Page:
Ah, Friday, the best day of the week. What? You say Saturday is the best day? No way, pal. Saturdays don’t bring a blog post all about your favorite fandom finds, that’s reserved for Friday! And today’s Fan Girl Friday is oh-so-magical! That’s right; I’ve found tons of Harry Potter-themed goodies to make you giddier than a Weasley Wizard Wheezes Love Potion!
Last Christmas, Huff the Hubs and I got some of our peeps a subscription to Loot Crate. I think they were pretty much the best gifts EVAH! A box of geeky goodies delivered RIGHT to your door?! Yes, please! LC has a ton of crates to choose from for every fan out there. And NOW they’ve finally added a Harry Potter one!
JK Rowling is not only an amazing writer, but she is incredibly loyal to her fans. She knows that, even thought Harry is grown with kids of his own, we’re still chomping at the bit for any kind of wizarding world news. This week on Pottermoe, JK announced more information about wizarding history in America and the magical ruling body–The Magical Congress of the United States of America–MACUSA, for short.
Here’s a little tidbit:
“America remained one of the most hostile environments for magical people, mainly because of Scourer descendants who had vanished permanently into the No-Maj community and who kept suspicion of magic alive. Unlike most Western countries, there was no cooperation between the No-Maj government and MACUSA….
It was in Washington that President Elizabeth McGilliguddy presided over the infamous ‘Country or Kind?’ debate of 1777. Thousands of witches and wizards from all over America descended upon MACUSA to attend this extraordinary meeting, for which the Great Meeting Chamber had to be magically enlarged. The issue for discussion was: did the magical community owe their highest allegiance to the country in which they had made their homes, or to the global underground wizarding community? Were they morally obliged to join American No-Majs in their fight for liberation from the British Muggles? Or was this, simply put, not their fight?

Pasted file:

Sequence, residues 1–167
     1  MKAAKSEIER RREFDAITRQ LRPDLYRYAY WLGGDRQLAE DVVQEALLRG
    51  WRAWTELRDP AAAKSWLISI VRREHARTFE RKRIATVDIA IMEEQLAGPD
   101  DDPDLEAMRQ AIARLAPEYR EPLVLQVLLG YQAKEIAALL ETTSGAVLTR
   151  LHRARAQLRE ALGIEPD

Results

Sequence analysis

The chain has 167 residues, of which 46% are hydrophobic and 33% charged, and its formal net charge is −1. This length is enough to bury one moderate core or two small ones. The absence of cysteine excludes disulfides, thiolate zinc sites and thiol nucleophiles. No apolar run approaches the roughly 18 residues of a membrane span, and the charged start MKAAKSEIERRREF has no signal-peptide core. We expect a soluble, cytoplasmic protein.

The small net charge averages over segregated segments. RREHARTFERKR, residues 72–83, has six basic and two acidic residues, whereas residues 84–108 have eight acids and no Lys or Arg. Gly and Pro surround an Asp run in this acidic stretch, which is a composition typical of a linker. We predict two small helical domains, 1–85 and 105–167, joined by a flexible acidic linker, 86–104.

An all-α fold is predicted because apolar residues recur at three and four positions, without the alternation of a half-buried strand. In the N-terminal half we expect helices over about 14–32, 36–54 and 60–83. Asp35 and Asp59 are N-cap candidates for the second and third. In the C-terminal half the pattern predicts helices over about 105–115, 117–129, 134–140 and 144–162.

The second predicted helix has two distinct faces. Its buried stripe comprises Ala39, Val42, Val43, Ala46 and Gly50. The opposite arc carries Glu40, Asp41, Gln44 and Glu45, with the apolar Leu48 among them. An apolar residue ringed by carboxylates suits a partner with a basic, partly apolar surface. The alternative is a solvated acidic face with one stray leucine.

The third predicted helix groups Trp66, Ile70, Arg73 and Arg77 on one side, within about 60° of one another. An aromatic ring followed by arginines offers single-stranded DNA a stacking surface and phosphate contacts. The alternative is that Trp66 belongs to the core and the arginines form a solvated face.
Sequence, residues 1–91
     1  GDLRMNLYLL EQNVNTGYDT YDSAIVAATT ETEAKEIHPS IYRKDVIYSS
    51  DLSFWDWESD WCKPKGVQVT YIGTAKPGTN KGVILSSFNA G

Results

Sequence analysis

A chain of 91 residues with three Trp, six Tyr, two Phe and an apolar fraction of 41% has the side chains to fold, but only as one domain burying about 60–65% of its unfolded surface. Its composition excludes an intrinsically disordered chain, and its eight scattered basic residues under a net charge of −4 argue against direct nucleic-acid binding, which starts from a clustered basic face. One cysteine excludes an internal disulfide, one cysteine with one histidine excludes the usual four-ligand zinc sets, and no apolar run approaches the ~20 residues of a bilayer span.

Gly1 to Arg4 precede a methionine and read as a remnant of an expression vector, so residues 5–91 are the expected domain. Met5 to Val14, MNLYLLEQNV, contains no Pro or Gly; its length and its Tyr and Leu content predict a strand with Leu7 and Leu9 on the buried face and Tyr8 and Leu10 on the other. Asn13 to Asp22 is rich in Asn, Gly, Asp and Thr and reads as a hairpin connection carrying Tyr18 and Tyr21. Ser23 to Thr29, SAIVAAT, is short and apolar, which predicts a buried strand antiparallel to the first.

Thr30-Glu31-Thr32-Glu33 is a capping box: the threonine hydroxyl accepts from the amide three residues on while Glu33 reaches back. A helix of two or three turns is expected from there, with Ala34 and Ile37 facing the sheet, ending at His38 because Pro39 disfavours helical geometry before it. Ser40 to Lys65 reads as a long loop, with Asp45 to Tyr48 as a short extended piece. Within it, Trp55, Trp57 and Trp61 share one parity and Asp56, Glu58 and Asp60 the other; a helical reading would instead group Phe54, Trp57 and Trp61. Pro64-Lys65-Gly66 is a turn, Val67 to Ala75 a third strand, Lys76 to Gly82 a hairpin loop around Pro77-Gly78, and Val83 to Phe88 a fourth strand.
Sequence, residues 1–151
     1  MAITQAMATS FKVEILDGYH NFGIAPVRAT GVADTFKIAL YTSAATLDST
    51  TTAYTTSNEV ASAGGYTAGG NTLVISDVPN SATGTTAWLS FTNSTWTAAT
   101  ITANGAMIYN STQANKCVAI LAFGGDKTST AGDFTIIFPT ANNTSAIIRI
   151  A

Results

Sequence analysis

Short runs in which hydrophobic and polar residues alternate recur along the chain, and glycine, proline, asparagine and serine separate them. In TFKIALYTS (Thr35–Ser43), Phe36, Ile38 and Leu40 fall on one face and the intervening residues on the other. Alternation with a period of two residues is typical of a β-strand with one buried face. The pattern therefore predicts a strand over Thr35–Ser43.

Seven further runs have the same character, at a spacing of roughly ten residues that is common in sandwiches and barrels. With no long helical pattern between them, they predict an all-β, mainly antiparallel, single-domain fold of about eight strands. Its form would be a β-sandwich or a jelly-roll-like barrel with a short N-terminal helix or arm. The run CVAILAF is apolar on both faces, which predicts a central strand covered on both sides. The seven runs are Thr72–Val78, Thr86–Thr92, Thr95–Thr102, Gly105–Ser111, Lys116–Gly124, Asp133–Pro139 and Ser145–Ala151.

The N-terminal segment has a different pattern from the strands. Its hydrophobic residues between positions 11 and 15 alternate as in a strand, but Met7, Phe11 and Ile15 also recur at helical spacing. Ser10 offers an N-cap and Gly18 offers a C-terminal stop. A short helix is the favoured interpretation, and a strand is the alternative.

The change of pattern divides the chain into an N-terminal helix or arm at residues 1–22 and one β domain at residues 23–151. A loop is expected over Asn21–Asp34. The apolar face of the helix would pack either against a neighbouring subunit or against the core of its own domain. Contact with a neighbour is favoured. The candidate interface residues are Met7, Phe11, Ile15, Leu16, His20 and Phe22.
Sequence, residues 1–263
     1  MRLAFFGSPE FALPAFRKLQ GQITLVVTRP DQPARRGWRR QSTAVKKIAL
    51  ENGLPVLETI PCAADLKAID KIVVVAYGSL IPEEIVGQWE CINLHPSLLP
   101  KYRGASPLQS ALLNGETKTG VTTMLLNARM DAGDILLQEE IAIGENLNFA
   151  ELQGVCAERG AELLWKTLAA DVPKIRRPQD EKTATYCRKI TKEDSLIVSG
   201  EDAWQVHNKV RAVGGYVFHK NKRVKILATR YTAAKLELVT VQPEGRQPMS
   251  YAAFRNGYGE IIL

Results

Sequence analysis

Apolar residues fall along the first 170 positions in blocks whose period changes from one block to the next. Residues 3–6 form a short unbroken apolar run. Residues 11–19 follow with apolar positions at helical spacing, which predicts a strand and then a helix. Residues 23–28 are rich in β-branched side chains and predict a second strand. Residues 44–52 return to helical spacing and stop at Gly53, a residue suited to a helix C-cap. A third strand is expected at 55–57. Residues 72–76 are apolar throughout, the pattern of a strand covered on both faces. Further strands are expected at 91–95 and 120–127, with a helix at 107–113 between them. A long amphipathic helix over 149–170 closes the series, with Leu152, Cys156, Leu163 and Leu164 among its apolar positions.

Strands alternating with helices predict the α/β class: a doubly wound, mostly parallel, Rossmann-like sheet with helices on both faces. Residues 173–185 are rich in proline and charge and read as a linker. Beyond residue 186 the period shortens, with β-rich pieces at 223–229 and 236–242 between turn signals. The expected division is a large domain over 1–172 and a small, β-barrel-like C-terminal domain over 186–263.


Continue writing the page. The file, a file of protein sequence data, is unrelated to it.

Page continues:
The arguments for and against intervention were protracted and the fight became vicious. Pro-interventionists argued that they might be able to save lives; anti-interventionists that wizards risked their own security by revealing themselves in battle. Messengers were sent to the Ministry of Magic in London to ask whether they intended to fight. A four-word message returned: ‘Sitting this one out.’ McGilliguddy’s famous response was even shorter: ‘Mind you do.’ While officially the American witches and wizards did not engage in battle, unofficially there were many instances of intervention to protect No-Maj neighbours and the wizarding community celebrated Independence Day along with the rest of American society – although not necessarily alongside them.
One of the most significant American magical laws was created in 1790, when MACUSA approved an edict to enforce total segregation of the wizarding and No-Maj communities. Rappaport’s Law, named after then-President Emily Rappaport, was created as a result of one of the worst breaches of the International Statute of Secrecy ever known, a breach in which the daughter of Rappaport’s Keeper of Treasure and Dragots and a Scourer descendant almost exposed the existence of magic worldwide. With the passing of Rappaport’s Law, intermarriage and even friendship between wizards and No-Majs became illegal in the United States.”
Read the full story here!
The Reddit user, Spellsandstars, says that while these were just a fun little craft to throw together, that she’s starting to think about making them a reality! I may have to watch some of her makeup tutorials, though, because this momma barely knows how to apply eyeliner!
Have something you want featured on Fan Girl Friday? Hit me up on Twitter @thehuffmanpost!